The AM tower is out back, and we”ve still never been up to the FM transmitter site, nearly 11,000 feet above sea level high above the ancient bristlecone pines on Silver Peak.
In the decades since we headed back east, the Bishop/Owens Valley radio dial has grown considerably.
KSRW (“Sierra Wave”) started out as a class A construction permit on 106.3 in Independence, 40 miles to the south, but it signed on in 1996 as a class B signal on 92.5 from Mazuorka Peak, in the White Mountains between Independence and Big Pine. It runs a mostly-automated AC format from studios on the north side of Bishop that it shares with KSRW-LP (Channel 33), which transmits from that tower out behind the studio.
(Fun fact #1: the KSRW building on Wye Road sits almost precisely at the western terminus of US 6, where the long, long transcontinental highway now ends at US 395; until the 1970s, US 6 continued down 395 and CA 14 into Los Angeles.)
(Fun fact #2: Long before KSRW came along, Independence had an AM station for a few years, a daytimer on 600 known over the years as KINC, KNYO and KESR. The station went dark around the time your editor was living out there; its tower was still standing in 2010, just off 395 between Independence and Lone Pine. At one point, it was owned by well-known Los Angeles engineer Burt Weiner.)
Religious broadcaster Living Proof, affiliated with the Calvary Chapel organization, put KWTW (“Winning the West”) on the air at 88.5 in 2002. It eventually became the hub of a network that now extends as far afield as Fort Bragg, on the coast up north of San Francisco, and it all emanates from a former Bank of America branch on 395 in downtown Bishop.
In 2004, classic rock KRHV (93.3 Big Pine) took to the air. Like KWTW, its class B signal comes from up at Silver Peak alongside KIBS; its studios are up in Mammoth, an hour to the north, shared with sister station KMMT (106.5).
KMMT itself doesn”t reach Bishop very well, but there”s a mystery translator in town on 102.3 that relays its rock format. Other translators in Bishop bring in Reno public broadcaster KUNR and religious broadcaster KNIS, and KIBS itself is relayed by its own extensive translator network that extends up and down the valley and into the very rural parts of Nevada on the fringe of the Silver Peak main signal.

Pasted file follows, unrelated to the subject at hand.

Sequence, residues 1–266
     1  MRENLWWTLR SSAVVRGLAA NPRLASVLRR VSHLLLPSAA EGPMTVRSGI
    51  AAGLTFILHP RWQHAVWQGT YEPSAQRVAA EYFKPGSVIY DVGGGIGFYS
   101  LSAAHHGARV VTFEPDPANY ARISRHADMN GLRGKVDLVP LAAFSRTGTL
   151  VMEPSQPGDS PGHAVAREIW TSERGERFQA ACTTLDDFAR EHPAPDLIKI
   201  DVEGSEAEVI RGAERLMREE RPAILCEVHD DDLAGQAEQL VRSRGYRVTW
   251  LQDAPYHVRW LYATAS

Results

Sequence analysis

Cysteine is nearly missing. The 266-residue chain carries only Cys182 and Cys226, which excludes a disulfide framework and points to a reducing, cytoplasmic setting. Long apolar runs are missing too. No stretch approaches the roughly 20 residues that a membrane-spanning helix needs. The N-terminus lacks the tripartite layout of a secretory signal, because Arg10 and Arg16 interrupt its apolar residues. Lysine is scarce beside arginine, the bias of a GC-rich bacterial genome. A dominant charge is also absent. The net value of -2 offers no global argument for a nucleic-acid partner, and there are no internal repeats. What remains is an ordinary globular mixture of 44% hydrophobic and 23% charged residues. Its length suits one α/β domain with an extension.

And there”s a TV station here, sort of. KBBC (Channel 20) is licensed up on Silver Peak (though we didn”t see it on the air in April 2010) – but its real purpose in life is to assert local cable carriage in Los Angeles. Yes, downtown LA is more than 250 miles away, but a long history of translator and cable service makes Inyo County part of the Los Angeles TV market, where KBBC aims its programming. It”s mostly in Spanish, and it”s also seen (or perhaps “mostly seen”) on a low-power TV, KNLA-LP (Channel 27), on Mount Harvard above LA.
There”s actually a KBBC studio location in Bishop, way out on the west side of town in a little office park. Nobody was at home that Saturday when we stopped by. Perhaps we”ll see more of KBBC on our next Bishop visit, for which we don”t intend to wait another 21 years.
Thanks to John Young for the tour – and for remembering your editor after 21 years!
KIBS/KBOV will be in a future Tower Site Calendar – but in the meantime, don”t miss your chance to order the all-new Tower Site Calendar 2012, available now from the all new Fybush.com store!
And check out our sister site, Tophour.com, beginning Wednesday, January 18, for Bishop/Owens Valley legal IDs…
Next week: Ridgecrest, California